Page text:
Making infant formula more like human breast milk
U.K.-based scientists have engineered plants to produce an oil that mimics the chemical structure of human milk fat, a major component of breast milk. Previous studies suggest the human form of this molecule, triacylglycerol, aids absorption of key nutrients by the infant gut, but few infant formulas contain anything like it.
Now, a team from Rothamsted Research have found a way to modify the biochemical pathways of plants so they can produce the human form of this key nutrient.
Around half the calories in human milk come from triacylglycerol, and in infant formula this fat is mainly sourced from plants—but vegetable oils have a different chemical structure to the fat produced by mothers in their milk.
It is the uniquely human arrangement of fatty acids—the constituent molecules that make up triacylglycerol—that is thought to provide benefits. These include the absorption of calcium, which is vital for bone development.
Whilst some milk formulas already contain triacylglycerol that mimics the structure of human milk fat, these Human Milk Fat Substitutes (HMFS) are expensive to make, whilst the process generates solvent waste and uses palm oil—the growing of which has been blamed for tropical deforestation.
Costs are one of the main reasons why HMFS are found in only about 10 percent of infant formulas, particularly premium products formulated and marketed for ease-of-digestion.
Whilst breast milk is the best and first choice for infant nutrition, the team hope their breakthrough could lead to improvement in all grades of formula for babies who need it.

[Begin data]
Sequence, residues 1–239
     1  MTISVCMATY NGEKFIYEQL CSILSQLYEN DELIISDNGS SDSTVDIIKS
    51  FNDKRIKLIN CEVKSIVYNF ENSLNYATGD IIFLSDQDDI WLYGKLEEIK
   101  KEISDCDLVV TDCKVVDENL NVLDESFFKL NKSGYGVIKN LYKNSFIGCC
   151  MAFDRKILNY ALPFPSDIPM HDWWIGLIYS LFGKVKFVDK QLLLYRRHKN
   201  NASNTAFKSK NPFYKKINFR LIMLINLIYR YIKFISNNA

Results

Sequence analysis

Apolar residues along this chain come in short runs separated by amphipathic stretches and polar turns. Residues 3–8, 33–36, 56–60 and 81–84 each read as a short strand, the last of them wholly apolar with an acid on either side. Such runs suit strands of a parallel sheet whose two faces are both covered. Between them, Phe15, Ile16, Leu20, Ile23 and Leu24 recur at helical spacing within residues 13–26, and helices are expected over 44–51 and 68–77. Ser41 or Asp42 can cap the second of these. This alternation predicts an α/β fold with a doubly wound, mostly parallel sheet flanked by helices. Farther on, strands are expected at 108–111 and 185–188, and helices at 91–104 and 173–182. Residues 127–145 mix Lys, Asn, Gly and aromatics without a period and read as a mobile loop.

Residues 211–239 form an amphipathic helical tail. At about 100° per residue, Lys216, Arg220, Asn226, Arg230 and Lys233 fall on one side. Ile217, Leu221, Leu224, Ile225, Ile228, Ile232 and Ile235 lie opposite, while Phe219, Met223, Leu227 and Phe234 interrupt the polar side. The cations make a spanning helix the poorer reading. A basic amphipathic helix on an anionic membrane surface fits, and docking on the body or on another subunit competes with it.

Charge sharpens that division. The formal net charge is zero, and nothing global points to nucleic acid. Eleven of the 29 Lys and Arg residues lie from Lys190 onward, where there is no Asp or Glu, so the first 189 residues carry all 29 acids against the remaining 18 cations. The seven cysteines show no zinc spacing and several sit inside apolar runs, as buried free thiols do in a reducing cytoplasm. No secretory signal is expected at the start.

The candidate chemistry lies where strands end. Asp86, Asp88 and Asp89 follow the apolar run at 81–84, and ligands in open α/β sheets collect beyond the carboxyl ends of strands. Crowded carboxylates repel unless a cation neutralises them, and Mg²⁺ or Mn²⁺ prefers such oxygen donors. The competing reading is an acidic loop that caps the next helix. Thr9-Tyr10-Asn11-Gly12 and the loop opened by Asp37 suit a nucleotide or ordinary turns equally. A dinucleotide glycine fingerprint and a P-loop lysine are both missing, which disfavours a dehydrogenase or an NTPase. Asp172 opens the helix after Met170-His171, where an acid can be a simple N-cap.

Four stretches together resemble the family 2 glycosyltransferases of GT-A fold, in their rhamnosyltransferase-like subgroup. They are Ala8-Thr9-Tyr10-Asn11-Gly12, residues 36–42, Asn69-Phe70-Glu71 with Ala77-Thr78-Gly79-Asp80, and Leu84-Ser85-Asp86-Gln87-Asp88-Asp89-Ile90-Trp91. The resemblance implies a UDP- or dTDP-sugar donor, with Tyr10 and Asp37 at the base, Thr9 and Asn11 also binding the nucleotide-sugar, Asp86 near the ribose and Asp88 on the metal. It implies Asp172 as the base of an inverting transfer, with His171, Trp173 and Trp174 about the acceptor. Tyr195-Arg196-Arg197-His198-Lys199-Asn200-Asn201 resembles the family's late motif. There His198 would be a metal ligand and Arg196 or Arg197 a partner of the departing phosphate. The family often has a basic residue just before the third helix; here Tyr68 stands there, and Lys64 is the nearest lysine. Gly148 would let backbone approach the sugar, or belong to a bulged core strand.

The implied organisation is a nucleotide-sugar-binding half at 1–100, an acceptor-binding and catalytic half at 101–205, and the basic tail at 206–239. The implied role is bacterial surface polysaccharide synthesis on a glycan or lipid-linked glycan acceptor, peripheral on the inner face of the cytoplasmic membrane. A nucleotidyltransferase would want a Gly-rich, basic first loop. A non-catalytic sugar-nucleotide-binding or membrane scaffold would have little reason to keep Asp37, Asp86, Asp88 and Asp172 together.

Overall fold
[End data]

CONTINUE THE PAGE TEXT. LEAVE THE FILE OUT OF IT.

Lead researcher, Dr. Peter Eastmond said the oil from the engineered plants has triacylglycerol molecules in this human configuration in similar proportions as found in a mothers' milk.
"In human milk fat, saturated fatty acids are attached to the middle point of the central 'backbone' of the triacylglycerol molecule, giving it a distinctive structure, and evidence from several clinical trials has suggested that this assists nutrient absorption in the infant gut. However, the fat used in most infant formulas is derived from plants, where these saturated fatty acids almost always bond to the ends of the 'backbone' instead."
Writing in the journal Proceedings of the National Academy of Sciences, the team report making triacylglycerol where more than 70 percent of the saturated fatty acids are in the crucial 'middle' position, compared with less than 3 percent in the unmodified plant—a more than 20-fold increase.
"We have engineered the metabolism of a plant so the fat it produces has the structure found in human milk, not vegetable oil," said Dr. Eastmond.
The infant formula market is currently estimated to use nearly half a million metric tons of vegetable-derived fat per year.
According to Dr. Eastmond, applying metabolic engineering technology to oil producing crops, or even oil producing microorganisms, might provide a new source of cost-effective, human milk fat substitute for infant nutrition.
"Several oilseed crops could be candidates for HMFS production, such as sunflower and oilseed rape."
In this BBSRC-funded study, the team modified the genes responsible for a metabolic pathway in the oilseed plant Arabidopsis thaliana, a species often used as a test bed in biological research, to demonstrate it could be done.
They relocated an enzyme, lysophosphatidic acid acyltransferase (LPAT), from where it usually resides within the cell's light-capturing chloroplasts, to the endoplasmic reticulum, an area of the cell where fats are made.
This led to LPAT being incorporated into the fat production pathway, resulting in triacylglycerol produced in the human form.
"Being able to modify the metabolic pathways of plants opens many potential doors and demonstrates how similar approaches could provide benefits to several different sectors including human health and the environment," Dr. Eastmond said.